The Supreme Court observes, "The High Court seems to have proceeded in hot haste and immediately on the first listing of the writ petition, the standing counsel for State of U.P. was summoned and directed to obtain instructions. The matter was posted to the very next day i.e. 3rd July, 2019 and without issuing notice to the other respondents including the appellant herein, who was an impleaded respondent in the writ petition, and merely taking note of the oral submissions of the standing counsel, the writ petition was allowed by order dated 3rd July, 2019 holding that disputed plot No.821M vested in the allotees (original writ petitioners being respondent Nos. 1, 2 and 3 herein) and the Land Management Committee or SDO had no right to reserve this land for construction of a primary school. The resolution dated 2nd September, 2018 and the approval by the SDO dated 17th September, 2018 were declared to be illegal and were set aside."

The respondent before the High Court came in appeal before the Supreme Court seeking to assail the order dated July 3, 2019. 13. A stay was granted by the Court on the operation of the impugned order. Counter affidavit has been filed on behalf of the private respondents (respondent Nos. 1, 2 and 3 being original writ petitioners) and the same is taken on record. However, when the matter was taken up for hearing, no one appeared to contest the matter on behalf of these respondents.

The appellant's counsel stated that the school in question has already been constructed and is operational on the disputed plot of land which was a government land. He urged that factum of filing of two earlier writ petitions with similar prayers was concealed by respondents while filing writ petition-Writ-C No. 15225 of 2019. The appellant being the impleaded respondent in the writ petition, was never heard by the High Court because the writ petition was allowed without issuing any formal notice.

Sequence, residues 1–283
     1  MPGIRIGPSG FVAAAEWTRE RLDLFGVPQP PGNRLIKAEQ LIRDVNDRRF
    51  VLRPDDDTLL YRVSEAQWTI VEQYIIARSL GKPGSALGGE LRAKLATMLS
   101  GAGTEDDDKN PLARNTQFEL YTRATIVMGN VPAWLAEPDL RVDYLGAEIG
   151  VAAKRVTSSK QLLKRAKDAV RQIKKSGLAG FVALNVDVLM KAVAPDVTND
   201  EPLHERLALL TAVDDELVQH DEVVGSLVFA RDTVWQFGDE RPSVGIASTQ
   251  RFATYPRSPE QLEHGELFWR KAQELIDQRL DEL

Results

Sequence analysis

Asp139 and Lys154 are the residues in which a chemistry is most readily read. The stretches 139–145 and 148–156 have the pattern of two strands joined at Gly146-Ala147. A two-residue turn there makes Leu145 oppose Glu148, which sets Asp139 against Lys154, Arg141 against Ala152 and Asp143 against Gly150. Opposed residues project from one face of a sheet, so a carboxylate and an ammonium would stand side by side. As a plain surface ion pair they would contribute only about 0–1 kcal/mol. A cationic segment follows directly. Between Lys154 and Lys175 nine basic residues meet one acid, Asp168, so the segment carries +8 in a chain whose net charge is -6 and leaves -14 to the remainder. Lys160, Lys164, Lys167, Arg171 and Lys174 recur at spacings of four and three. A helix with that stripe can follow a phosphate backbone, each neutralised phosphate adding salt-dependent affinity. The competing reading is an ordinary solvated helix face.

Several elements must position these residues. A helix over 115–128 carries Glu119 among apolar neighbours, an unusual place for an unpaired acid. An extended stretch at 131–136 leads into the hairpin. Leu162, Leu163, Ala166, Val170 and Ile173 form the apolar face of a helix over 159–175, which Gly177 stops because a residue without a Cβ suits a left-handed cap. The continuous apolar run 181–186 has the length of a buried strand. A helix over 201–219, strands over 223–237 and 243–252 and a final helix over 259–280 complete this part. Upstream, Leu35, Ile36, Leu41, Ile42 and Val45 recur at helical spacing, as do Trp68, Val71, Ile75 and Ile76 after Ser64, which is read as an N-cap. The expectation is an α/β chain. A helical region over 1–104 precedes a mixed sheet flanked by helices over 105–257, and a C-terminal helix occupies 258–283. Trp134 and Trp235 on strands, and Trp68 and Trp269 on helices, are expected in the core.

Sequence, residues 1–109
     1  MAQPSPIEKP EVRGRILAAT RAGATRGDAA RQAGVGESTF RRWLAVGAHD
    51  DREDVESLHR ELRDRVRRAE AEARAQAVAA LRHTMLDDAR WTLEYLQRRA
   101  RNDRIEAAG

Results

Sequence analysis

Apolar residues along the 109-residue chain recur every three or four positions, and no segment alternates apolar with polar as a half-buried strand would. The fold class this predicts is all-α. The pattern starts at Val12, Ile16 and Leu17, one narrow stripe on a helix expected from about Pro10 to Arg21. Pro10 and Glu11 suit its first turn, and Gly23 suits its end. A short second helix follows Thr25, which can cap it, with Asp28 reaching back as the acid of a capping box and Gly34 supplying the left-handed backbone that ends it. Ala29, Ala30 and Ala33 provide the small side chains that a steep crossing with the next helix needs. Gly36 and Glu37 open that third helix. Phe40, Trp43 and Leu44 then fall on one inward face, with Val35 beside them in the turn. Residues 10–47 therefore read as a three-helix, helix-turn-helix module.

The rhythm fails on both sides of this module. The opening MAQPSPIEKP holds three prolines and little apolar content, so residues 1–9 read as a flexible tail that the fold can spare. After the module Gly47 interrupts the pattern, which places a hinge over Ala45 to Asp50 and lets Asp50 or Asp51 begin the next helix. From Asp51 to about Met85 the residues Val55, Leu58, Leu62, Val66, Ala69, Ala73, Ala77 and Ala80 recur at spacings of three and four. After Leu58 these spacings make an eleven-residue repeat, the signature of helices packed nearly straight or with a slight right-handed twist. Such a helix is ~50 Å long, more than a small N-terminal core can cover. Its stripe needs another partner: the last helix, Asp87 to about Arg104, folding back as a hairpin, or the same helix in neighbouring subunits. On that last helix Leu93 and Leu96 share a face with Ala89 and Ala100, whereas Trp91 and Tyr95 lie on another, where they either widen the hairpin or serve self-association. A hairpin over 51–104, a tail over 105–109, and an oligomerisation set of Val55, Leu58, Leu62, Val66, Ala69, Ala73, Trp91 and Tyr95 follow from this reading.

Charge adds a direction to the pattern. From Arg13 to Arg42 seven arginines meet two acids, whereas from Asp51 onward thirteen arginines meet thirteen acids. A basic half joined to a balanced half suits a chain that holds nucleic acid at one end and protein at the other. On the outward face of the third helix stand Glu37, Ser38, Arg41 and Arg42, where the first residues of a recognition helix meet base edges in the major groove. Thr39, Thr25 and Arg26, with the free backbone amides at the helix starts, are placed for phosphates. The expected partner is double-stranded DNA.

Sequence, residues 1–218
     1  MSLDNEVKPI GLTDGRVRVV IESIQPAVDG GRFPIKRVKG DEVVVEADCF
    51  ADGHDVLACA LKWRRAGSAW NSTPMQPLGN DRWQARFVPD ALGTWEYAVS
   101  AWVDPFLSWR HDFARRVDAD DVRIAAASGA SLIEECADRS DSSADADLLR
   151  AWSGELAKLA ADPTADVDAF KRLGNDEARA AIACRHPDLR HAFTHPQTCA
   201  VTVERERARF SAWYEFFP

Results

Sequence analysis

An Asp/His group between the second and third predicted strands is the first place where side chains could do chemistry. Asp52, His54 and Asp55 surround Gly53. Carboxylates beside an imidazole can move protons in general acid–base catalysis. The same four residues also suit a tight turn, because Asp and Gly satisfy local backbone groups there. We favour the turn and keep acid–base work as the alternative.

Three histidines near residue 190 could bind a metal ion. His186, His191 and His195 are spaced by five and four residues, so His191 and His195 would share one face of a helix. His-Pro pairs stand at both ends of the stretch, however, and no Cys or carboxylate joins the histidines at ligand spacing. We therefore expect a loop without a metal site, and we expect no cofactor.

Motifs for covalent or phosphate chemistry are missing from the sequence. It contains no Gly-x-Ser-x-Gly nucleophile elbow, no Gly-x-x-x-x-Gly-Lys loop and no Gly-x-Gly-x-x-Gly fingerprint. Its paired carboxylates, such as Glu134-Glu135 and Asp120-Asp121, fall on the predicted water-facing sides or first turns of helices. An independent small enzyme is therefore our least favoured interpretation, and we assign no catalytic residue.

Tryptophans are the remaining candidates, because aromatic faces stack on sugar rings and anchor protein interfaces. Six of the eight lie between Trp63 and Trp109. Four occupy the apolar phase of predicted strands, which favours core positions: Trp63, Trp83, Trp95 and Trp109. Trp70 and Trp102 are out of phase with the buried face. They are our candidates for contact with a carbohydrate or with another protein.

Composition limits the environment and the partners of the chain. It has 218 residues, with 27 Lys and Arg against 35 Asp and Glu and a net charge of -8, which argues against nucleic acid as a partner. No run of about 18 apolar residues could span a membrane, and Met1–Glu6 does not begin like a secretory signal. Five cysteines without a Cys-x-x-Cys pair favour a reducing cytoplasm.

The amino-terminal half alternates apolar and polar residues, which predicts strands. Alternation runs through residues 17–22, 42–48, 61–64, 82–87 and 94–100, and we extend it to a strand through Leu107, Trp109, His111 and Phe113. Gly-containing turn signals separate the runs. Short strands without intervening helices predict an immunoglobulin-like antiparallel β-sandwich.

Supreme Court observed, "On a perusal of the admitted facts as emanating from record, we are persuaded to hold that the impugned order passed by the High Court smacks of arbitrariness and perversity. The writ petition filed claiming title on the disputed plot of land was taken up in hot haste and was allowed without issuing formal notice to all the respondents. Even the State authorities were not given proper opportunity of filing a counter. The standing counsel was instructed to appear without any formal notice being issued and was given a single day’s opportunity to present the factual report. Based on the factual report and noting the oral submissions of the standing counsel, the writ petition came to be allowed by the High Court quashing the proposal dated 2nd September, 2018 and approval by SDO dated 17th September, 2018. The manner in which the proceedings were undertaken indicates that the High Court was keen on not allowing the respondents therein to be heard in the writ proceedings." 

It further observed that the original writ petitioners, the respondent before the Supreme Court had apparently made false and misleading averments in the opening para of the Writ-C No.15225 of 2019, that no previous writ petition had been filed craving similar relief. As a matter of fact, the writ petition deserved rejection with exemplary costs because as noted above, the factum of filing of the previous two writ petitions was concealed by the respondents, the original writ petitioners. It recorded that "The writ petition was manifestly tainted on account of concealment of material facts. Even in the counter affidavit filed in the present case, the respondent Nos. 1, 2 and 3-original writ petitioners have not disputed that the factum of filing of the previous two writ petitions not being disclosed while filing the Writ-C No. 15225 of 2019. 

The Court did not impose any cost in the matter because no one has appeared to defend the matter on behalf of the respondents. The judgment dated March 11, 2024 was authored by Justice Mehta. 

No comments: